Among the historic buildings of Lucca, this building owes the actual connotation to an ancestor of the present owner, Giuseppe Tucci. Towards the middle of the eighteenth century he decided to renovate the house where his family lived from more than two centuries, adjusting to the new architectural criteria.
The renovation coincides with the Giuseppe Tucci’s marriage with Maria Teresa Guinigi. The renovation was so radical that it erased traces of the medieval era of the pre-existing building on its front, while the lack of plaster on its back gives us an idea of the original structure, which was made up of the amalgamation of several houses and towers. A beautiful arch decorated in terracotta, which is visible in the courtyard, shows the home’s original importance.
Giuseppe Tucci commissioned the modernization project to the architect Ottaviano Diodati, who was the best as well as the most up to date and innovative architect in the area at that time and worked in the file of architecture in Tuscany, the rest of Italy, France and Vienna. It is not a coincidence that this is one of the few historic buildings in the city to have concealed, at least in the main facade, the medieval and renaissance remains, which has always been attributed to a compositional European style, and in particular, Viennese.
The historic house, located in an area within the Roman walls, has its main entrance on Via Cesare Battisti.
A large portal, surmounted by family’s coat of arms and the inscription “JOSEPH TUCCIUS SIBI POSTERISQUE - A. D. MDCCLXXIX”, characterizes the main facade. A plaque on the back facade commemorates the birth of the musician Alfredo Catalani, whose works have been devoted to the rooms of the residence.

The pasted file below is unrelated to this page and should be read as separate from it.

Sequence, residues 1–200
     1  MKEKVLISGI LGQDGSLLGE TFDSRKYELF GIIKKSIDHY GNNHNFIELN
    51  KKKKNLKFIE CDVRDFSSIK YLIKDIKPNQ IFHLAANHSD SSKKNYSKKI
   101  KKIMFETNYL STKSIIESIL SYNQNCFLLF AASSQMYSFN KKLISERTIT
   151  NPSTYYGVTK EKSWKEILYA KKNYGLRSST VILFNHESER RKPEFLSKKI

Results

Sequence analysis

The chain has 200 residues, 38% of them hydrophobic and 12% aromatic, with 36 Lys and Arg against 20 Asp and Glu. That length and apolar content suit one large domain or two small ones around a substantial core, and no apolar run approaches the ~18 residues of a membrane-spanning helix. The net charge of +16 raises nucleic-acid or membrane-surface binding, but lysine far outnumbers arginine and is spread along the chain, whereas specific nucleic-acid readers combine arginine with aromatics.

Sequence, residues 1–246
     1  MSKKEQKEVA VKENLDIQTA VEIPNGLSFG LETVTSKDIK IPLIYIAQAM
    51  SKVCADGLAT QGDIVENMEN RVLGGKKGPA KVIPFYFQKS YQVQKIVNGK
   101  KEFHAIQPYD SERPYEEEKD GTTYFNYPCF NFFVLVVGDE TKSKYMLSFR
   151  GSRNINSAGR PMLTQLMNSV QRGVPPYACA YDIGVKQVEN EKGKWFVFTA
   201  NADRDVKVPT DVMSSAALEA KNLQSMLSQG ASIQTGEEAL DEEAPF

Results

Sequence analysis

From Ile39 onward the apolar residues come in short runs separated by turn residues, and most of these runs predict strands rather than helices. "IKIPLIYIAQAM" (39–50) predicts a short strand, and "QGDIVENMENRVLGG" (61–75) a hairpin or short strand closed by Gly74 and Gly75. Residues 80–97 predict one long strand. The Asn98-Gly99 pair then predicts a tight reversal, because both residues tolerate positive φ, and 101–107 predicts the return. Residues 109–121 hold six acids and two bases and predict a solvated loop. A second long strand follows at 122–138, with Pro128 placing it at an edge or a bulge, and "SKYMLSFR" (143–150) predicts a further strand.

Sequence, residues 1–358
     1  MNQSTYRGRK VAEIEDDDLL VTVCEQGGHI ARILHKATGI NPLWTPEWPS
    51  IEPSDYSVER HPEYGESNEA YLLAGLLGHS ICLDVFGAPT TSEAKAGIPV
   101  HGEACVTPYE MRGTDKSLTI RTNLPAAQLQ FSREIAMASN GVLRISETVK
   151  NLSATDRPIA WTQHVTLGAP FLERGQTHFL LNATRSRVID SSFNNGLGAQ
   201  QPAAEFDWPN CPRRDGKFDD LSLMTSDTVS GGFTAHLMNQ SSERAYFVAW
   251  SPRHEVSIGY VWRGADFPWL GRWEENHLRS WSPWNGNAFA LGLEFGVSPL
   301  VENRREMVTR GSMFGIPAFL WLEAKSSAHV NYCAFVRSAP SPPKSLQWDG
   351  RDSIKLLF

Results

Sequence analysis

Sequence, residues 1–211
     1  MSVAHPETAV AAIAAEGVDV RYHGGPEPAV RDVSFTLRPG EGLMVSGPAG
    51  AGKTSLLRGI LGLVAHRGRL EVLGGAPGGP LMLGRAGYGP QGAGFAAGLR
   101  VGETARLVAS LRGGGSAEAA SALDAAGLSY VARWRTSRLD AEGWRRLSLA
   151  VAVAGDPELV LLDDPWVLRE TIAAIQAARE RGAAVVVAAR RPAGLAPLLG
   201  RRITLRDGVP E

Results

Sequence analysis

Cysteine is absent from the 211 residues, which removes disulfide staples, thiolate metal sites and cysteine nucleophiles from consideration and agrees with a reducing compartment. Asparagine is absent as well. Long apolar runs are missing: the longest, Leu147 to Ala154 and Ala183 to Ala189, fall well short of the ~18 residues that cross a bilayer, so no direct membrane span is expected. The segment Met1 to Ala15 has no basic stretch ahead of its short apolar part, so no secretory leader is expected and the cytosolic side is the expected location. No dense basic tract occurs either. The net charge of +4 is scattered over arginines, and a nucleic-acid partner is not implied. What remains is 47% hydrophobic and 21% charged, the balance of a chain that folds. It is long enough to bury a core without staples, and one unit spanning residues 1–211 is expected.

The entrance hall is divided into two rooms. In the second room, which is covered with an oval vault sitting on columns, there is a large staircase that leads directly to the access portal of the main floor. This is decorated with mouldings and crowned by an oval window.
A large room at the entry leads to the representation quarters that has gilded stucco decorations and paintings, which, in some cases, reproduce the late eighteenth-century repertoire and some already show neoclassicism, a sign that their decoration is prolonged in time.
The main hall is the only room to present a different aspect. Here there are frescoes on the ceiling that depict the Flora and the Four Seasons. On the walls on the sides of the entrance there are two large canvases that are framed by stucco frames and the other canvases are placed on top of each of the doors that open onto the hall. The subjects of all these paintings come from mythology or classical history and seem to be painted by Giovan Domenica Paladini, a painter from Lucca.
Palazzo Tucci rightfully occupies a place of honour amongst the historical and ancient houses of Lucca and Tuscany.